• …it just means that we’re human. Knowing we have them, however, gives us an opportunity to manage the ones that we act on, the biases that screen out those who are different, so that we can truly attract and hire the best people. We can exercise our brains to look at for differences not as threats or negatives—but rather, to look for differences and see them as potential positives that present opportunities to make us stronger and better. http://www.gadgetfreak.gr/2013/02/28/first-person-darth-vader/
  • Often when we evaluate a candidate we ask whether that person is a good cultural fit. Ask: What does that mean? (wait for a couple of answers) How many of you have heard that a candidate just “wasn’t a good fit”?
  • People who conform to ‘mainstream’ organizational culture
  • People we feel comfortable with
  • Thethe specific behaviors and style points we’re used to and that we generally prefer, consciously or subconsciously. Good cultural fit tends to be more about behaviors than about the culture or the organizational values themselves.
  • Good cultural fit is often explained or verbalized in the context of organizational or corporate values, principles, and beliefs.
  • So what happens when our organizational culture or values look different than we are used to – behaviorally, visually? Sometimes top talent may look, sound, or behave differently than we’re used to, but may actually share our core values and be excellent candidates and top performers over time. When it comes to putting organizational values into action as hiring managers, it’s important that we understand what specific behaviors and style points we prefer and promote on our teams, why we prefer what we do, and where our preferences may on occasion be an expression of some sort of bias—however unintentional.
  • Scenario: You’re a Midwestdistrict manager for a casual dining restaurant chain. The manager of one of the highest-revenue locations in Chicago will be leaving soon, and you need to find a replacement for her ASAP. Obviously the ideal manager should have extensive experience in hospitality and restaurant management. But to you, what’s even more important are those intangibles – someone you can trust, who will go the extra mile, be there when you need them, and represent the company well. They have to project professionalism, enthusiasm, and confidence. They definitely have to be high-energy and be able to lead and inspire their staff. You’re feeling the pressure though – your current manager’s last day is a short two weeks away. There’s nobody at the moment internally that can fill the role, so you have to look externally. You’ve already heard from quite a few very qualified individuals, with the experience you need. Today, you are interviewing these 11 highly qualified applicants…(scroll through pics…) They’re all highly qualified technically, but as the hiring manager you have to consider - which one would best serve your restaurant’s needs and context? Who would you and your staff feel at their best with? Who would be the best leader, who would be the best face for our restaurant?Preconceived ideas of what we think would indicate someone’s likelihood to be successful—to be a good ‘cultural fit’ with the company and its values. Mothers – assuming that they want to be home with their families at night so not available for dinner hours. Women – assuming women don’t want to be trained in the kitchen.Dreadlocks – that they are not ‘clean’ or that they are associated with drugs and are unprofessional.Hijab – don’t want to make customers ‘uncomfortable’.Older people – Won’t last long, won’t be able to connect as well as a a younger person, not as ‘bubbly’.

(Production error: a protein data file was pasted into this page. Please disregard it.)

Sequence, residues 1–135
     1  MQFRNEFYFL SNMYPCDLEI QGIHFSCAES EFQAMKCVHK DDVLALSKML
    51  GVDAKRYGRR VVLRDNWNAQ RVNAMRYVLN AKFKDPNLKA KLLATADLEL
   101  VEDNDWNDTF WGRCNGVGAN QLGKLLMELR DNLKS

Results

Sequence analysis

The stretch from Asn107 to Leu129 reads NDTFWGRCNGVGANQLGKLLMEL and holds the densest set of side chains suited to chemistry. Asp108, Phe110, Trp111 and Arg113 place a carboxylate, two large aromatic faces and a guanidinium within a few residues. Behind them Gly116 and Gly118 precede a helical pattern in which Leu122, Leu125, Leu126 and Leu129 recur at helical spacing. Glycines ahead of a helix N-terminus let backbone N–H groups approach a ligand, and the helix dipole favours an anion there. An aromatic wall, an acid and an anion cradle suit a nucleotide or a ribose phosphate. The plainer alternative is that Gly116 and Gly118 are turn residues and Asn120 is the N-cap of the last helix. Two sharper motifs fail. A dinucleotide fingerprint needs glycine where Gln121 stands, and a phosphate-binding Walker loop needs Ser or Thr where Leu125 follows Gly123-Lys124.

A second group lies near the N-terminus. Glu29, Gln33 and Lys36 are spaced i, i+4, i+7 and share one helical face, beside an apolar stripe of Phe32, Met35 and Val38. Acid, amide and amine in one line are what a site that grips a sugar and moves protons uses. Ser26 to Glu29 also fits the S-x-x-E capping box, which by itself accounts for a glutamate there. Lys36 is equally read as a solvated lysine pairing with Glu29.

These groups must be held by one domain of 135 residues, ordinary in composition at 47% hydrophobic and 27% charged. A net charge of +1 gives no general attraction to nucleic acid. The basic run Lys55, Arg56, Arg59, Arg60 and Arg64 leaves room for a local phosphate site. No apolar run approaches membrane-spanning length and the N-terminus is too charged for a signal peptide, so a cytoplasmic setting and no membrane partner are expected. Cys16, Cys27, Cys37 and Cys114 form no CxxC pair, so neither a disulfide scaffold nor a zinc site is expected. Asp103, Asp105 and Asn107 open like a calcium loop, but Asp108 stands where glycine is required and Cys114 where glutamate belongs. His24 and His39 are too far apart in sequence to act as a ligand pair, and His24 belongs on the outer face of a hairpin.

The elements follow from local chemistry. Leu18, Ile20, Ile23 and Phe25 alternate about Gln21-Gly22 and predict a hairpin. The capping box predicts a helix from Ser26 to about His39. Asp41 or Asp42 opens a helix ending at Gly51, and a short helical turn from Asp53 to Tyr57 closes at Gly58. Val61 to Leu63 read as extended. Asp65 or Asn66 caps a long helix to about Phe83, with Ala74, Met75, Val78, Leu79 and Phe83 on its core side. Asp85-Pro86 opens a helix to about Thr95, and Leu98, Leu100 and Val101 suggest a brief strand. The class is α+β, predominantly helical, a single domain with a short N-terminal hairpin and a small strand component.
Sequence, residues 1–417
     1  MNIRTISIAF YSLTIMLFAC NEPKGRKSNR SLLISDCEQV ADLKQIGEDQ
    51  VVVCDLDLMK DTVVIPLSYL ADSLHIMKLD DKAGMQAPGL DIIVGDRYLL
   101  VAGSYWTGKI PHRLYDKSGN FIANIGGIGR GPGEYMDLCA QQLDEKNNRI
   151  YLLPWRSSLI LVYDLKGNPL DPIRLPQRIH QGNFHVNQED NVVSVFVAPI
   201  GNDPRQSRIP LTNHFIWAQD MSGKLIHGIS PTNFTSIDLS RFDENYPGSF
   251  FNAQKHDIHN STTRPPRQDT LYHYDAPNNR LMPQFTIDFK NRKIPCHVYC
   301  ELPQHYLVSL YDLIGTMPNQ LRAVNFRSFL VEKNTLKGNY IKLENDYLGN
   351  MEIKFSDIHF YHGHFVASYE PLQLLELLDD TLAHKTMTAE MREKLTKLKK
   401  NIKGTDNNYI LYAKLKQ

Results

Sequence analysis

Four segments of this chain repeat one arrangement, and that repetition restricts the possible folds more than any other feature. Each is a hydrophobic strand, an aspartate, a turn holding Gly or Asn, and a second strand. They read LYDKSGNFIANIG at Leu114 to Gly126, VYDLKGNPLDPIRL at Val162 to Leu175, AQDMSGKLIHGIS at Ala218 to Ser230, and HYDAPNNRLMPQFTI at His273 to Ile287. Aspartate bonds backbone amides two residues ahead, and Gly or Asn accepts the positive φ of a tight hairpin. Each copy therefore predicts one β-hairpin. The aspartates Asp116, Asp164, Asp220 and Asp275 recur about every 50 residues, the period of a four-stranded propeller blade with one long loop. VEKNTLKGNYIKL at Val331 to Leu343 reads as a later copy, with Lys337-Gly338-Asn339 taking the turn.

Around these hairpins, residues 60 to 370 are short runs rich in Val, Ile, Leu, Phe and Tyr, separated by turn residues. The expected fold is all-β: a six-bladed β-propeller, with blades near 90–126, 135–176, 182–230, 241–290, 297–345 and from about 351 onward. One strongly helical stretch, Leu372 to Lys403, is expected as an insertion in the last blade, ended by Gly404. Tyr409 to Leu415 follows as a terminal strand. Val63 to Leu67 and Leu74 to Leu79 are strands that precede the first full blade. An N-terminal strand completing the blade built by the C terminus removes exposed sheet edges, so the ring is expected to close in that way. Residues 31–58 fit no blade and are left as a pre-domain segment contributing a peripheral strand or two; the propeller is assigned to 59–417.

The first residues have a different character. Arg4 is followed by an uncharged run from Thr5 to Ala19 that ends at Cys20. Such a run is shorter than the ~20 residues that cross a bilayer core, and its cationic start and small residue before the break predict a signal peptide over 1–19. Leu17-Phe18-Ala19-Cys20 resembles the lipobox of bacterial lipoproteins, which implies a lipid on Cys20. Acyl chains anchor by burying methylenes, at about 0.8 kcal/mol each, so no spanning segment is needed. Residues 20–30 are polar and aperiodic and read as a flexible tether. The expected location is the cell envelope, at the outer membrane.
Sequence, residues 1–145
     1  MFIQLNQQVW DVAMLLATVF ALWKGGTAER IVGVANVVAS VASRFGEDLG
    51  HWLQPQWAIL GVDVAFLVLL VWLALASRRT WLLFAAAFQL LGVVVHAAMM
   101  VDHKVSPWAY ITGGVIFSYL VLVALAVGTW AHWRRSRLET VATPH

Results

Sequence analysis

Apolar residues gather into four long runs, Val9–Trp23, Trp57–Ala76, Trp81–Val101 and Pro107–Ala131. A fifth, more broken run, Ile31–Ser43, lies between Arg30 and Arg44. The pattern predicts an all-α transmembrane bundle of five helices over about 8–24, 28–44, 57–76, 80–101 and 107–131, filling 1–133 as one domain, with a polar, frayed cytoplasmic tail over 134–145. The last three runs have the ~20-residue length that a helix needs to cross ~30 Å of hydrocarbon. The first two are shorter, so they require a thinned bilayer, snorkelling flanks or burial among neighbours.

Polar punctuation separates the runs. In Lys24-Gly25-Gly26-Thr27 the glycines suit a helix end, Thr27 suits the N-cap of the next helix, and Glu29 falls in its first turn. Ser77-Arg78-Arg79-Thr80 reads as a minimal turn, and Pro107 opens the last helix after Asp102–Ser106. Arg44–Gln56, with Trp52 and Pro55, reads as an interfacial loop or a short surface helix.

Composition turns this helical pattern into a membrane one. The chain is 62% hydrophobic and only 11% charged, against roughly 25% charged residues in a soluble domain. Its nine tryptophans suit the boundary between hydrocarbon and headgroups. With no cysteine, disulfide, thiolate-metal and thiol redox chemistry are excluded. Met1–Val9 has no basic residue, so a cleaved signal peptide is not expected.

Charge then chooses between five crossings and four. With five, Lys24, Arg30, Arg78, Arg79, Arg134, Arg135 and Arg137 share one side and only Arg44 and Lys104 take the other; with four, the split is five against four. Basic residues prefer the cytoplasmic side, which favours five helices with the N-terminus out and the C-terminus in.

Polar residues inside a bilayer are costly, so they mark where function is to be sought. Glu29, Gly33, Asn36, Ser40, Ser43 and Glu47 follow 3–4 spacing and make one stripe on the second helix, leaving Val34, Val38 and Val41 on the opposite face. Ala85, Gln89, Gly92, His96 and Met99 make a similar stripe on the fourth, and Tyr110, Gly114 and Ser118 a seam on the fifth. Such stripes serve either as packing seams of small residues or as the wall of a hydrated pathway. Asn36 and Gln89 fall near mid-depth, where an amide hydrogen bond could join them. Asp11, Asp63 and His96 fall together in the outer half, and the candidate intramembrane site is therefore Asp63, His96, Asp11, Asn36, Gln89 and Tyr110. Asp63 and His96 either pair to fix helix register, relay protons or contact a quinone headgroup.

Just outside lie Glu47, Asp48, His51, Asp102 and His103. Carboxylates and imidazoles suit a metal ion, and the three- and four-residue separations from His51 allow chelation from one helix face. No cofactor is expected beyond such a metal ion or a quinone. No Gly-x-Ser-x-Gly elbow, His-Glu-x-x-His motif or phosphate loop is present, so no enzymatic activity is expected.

• (Very quickly recap both kinds of biases – the first one has already been alluded to a couple times, though not in depth)Affinity (like me) bias:Leads us to favor people who are like us. That is, people who look like us, sound like us, and behave like us. E.g., people who share our:Educational backgroundSpecific life experiencesSocial class, areas of residence.Interests, hobbies, sports preferences, alma maters, or sororities/fraternities Reminds you of you when you were younger or of someone you admire (includes communication and interpersonal style)Leads us to pay attention to what is important to us in that moment (e.g., you start noticing something “all of a sudden” – like strollers if you’re pregnant or a kind of car that you’re thinking about buying). Unconsciously feeling more comfortable, connected with, and positive towards someone who is like us.With affinity bias, we tend to ignore the faults of people like us and notice more the faults of people from groups we unconsciously don’t like. (IAT research shows that members of stigmatized groups (eg, Black, gay, older people) tend to have more positive implicit attitudes toward their groups than do people outside their group, but there is still a moderate preference for the more socially valued group (i.e., white, straight, younger people) by the stigmatized group.Working and communicating with someone “like you” is much easier, takes less energy and time – you understand and appreciate them much more easily. And hiring someone similar to yourself makes it easier for you to imagine understanding this person, helping them, tolerating and forgiving mistakes, etc.Confirmation bias:Leads us to search for or interpret information that confirms our existing perceptions.Leads decision-makers and other to weight information that confirms excising viewpoints as well as to ignore, discount or be blind to information that may contradict existing perceptions. It filters the evidence that we collect, generally supporting our already held points-of-view and disproving points of view with which we disagree So what does this all mean for your organization from a business and effectiveness standpoint?